Music is the pulsing heartbeat of life in the Caribbean, as much a part of our days and nights as the sun and the sea. Our lands are alive with sounds and rhythms that evoke both our past and our sense of hope for the future.
These are carnival countries, where many festivals celebrate historic, religious, cultural or sporting events – and where music explodes spontaneously whenever a handful of musicians and singers are gathered together. It could happen on the street, in a town square or on the beach.
The Afro-Caribbean and Latin American musical heritage is a rich mixture, changing from country to country according to our varying backgrounds, and growing from year to year as young musicians build on their legacy.
This is the birthplace of the steel band, and of "beats" like calypso, compas, merengue, rumba, salsa, soca, and ska. Bob Marley exported reggae across the globe; salsa followed soon after. Some of the lands maintain musical traditions -- like drumming -- dating back to the time of slavery. Gospel music reflects both our colonial past and the influence of American culture.
The Caribbean is now a centre for world music. Jazz, rhythm & blues and country music are popular imports from the United States; concert venues around the region attract top artists from all three genres, as well as international stars of the classical music circuit, for sell-out performances.
Whatever your taste, you’ll find it more than satisfied in our lands of rhythm and melody.
YO HO HO: THE STORY OF CARIBBEAN RUM
by Rich Rubin
Swashbucklers fought for it and connoisseurs covet it. Rum has always enthralled passionate Caribbean travellers. Swaggering pirates like Captain Kidd, Calico Jack and Blackbeard ruled the waves, their sloops gliding ominously under the skull and crossbones of the infamous flag known as the Jolly Roger. Legend? Not in the Caribbean. Buccaneers were part of the region’s history -- although the tales we hear have been infused with fiction, to be sure. These nefarious sailors were after not only gold coins and fine silk but another precious product: rum.
One can hardly blame them. The Caribbean produced then as now arguably the
world's finest rum. The 17th-century British Royal Navy allowed its sailors a daily ration – a practice that continued until 1970! Some believed it cured hangovers.
Early mariners were convinced a nip of Mount Gay improved their sailing abilities. In production for more than 300 years, this venerable rum recently celebrated its tri-centennial with regattas, parties and a limited-edition blend in specially designed decanters.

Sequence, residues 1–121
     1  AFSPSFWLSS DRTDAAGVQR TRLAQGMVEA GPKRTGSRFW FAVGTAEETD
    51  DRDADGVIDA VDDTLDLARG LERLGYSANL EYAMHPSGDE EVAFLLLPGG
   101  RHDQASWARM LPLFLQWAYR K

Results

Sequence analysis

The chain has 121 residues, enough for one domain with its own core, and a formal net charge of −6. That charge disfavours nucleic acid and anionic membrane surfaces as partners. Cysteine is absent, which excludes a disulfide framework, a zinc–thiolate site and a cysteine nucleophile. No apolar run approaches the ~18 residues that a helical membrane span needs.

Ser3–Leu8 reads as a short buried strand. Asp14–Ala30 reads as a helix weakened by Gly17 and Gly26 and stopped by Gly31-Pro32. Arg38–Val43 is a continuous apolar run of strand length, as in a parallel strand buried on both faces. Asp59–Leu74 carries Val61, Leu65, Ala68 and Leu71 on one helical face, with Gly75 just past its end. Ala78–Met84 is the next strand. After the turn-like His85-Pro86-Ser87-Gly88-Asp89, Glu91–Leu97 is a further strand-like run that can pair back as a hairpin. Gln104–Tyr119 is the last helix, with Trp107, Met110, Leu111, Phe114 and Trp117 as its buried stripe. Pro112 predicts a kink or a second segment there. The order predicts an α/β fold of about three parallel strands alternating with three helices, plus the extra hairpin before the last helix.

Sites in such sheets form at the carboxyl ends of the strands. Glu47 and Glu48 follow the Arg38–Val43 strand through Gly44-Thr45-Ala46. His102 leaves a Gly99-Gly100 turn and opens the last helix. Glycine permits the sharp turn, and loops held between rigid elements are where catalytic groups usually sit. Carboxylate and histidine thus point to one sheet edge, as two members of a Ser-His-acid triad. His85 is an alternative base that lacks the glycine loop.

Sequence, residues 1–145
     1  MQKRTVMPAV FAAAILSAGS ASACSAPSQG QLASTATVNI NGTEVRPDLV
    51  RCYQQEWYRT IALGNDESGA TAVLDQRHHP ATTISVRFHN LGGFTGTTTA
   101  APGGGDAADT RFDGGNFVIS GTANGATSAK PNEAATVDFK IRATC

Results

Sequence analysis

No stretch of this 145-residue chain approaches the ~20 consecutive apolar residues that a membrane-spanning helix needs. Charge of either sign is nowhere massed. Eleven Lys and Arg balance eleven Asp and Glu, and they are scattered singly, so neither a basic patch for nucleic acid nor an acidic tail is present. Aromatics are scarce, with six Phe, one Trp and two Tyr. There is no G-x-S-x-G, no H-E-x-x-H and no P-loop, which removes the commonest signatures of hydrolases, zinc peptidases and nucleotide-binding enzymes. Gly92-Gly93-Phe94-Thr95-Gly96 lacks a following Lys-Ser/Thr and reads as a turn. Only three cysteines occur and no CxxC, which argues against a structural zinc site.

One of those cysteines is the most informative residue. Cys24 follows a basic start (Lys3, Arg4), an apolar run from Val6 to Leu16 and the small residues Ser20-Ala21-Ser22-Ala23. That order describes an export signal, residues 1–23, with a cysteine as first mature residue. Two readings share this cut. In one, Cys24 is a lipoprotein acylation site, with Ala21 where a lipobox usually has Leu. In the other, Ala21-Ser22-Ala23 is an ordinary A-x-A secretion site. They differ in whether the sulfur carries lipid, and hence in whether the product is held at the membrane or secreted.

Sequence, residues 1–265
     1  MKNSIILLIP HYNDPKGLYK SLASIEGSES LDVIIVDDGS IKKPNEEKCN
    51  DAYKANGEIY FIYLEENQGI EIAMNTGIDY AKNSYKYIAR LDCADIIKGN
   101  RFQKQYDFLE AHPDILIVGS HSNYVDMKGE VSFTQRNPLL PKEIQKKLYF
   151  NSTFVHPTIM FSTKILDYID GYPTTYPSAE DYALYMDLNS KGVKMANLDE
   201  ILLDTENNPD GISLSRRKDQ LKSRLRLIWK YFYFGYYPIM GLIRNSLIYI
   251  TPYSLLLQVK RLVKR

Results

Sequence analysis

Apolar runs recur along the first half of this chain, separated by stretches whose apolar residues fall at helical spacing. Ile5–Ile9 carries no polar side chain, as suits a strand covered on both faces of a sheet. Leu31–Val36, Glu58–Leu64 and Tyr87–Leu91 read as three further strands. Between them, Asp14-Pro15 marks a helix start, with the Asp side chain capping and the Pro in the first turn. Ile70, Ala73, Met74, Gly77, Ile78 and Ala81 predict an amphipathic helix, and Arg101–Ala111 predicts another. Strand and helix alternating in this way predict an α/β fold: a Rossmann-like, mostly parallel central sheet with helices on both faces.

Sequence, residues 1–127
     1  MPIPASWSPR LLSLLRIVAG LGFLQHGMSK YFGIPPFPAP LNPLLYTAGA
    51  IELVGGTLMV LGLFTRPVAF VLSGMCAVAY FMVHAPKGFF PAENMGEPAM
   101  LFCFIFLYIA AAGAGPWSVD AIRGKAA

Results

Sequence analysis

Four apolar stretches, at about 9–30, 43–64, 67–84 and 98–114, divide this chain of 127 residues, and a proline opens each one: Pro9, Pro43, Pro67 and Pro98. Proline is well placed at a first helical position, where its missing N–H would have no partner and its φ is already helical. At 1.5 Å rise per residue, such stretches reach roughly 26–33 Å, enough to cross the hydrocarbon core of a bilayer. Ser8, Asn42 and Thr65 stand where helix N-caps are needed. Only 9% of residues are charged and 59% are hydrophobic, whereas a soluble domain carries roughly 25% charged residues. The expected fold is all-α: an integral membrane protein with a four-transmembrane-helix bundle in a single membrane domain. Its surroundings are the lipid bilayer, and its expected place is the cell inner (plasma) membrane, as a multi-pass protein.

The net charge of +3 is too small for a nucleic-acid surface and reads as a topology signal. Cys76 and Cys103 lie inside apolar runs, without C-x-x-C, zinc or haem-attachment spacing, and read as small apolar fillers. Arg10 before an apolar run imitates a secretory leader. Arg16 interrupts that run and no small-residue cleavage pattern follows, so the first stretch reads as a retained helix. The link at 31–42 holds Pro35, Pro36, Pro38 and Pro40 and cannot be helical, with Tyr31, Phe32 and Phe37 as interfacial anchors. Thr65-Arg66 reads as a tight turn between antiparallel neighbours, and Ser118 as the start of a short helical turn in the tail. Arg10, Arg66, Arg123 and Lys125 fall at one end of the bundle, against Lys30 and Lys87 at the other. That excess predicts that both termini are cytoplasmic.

It's a rare journey to the Caribbean that doesn't include a sampling of this famous product. The number of preeminent distilleries are legion. In addition to Mount Gay, big-name Caribbean producers include the Puerto Rican company Bacardi, Jamaica's Appleton Estate, Haiti's Barbancourt and St. Croix's Cruzan.
Originally an offshoot of the islands' sugar-cane industry, rum is distilled from cane juice or molasses, a by-product of sugar production. Visit one of the Caribbean's many distilleries (listed below) to observe the process: The cane juice or molasses is fermented with yeast, distilled and then aged, usually in oak casks.
Light rums are generally used for mixed drinks, while full-flavoured dark rums, after years of aging, are suitable for sipping, much like fine scotch. The Caribbean produces most of the world’s rums and consumption spans the globe.
Even Caribbean geography illustrates rum's prominence: you'll see Rum Cay in the Bahamas and a Rum Point each in Grand Cayman and Belize. Museums on several islands are dedicated to rummy history.
Just the names of rum drinks hint at Caribbean allure: Goombay Smash, planters punch, piña colada, Cuba Libre, daiquiri. You'll find almost limitless variations of rum punch. In the Spice Island of Grenada, for instance, don't be surprised to find a cold glassful dusted with nutmeg.
Flavoured rums are the newest twist. Look for Bacardi's Limón and orange-flavored O, Captain Morgan Spiced Rum, and Cruzan's vanilla, orange, pineapple, banana and coconut varieties.
This versatile spirit can also be mellowed into liqueur, and the varieties are as diverse as Caribbean destinations. In Guadeloupe, for instance, enjoy the mellow flavor of Shrubb, a blend of rum, orange peel and sugar. In Venezuela and the Dutch Caribbean islands, the eggnog-like cream liqueur Ponche Crema is a favourite. St. Maarten contributes the woodsy Guavaberry liqueur and Jamaica fans are familiar with coffee-flavoured Tia Maria. Rum's not just for drinking, either. Nearly every fine-dining restaurant has at least one rum-enhanced dish.
Looking for the perfect souvenir for that sweet tooth on your gift list? Rum cakes, consumed throughout the Caribbean at weddings and other occasions, abound. One of the most famous, Tortuga Rum Cake, is from Grand Cayman, but you'll also find "black cake" from Guyana, piña colada cake from the Bahamas and Blue Mountain coffee-rum cake from Jamaica.
From today's glorious potables through a less glorious past (the slave trade was inextricably involved in the industry), the Caribbean's history cannot be told without rum. Legends abound: Wonder, for instance, about the song lyrics, "Fifteen men on a deadman's chest/yo ho ho and a bottle of rum"? It's said that the pirate Blackbeard abandoned mutineers with just a dagger and a bottle of rum on the British Virgin Islands islet called Dead Man's Chest. Well, it could have been worse: They could have been marooned with a jigger of juice.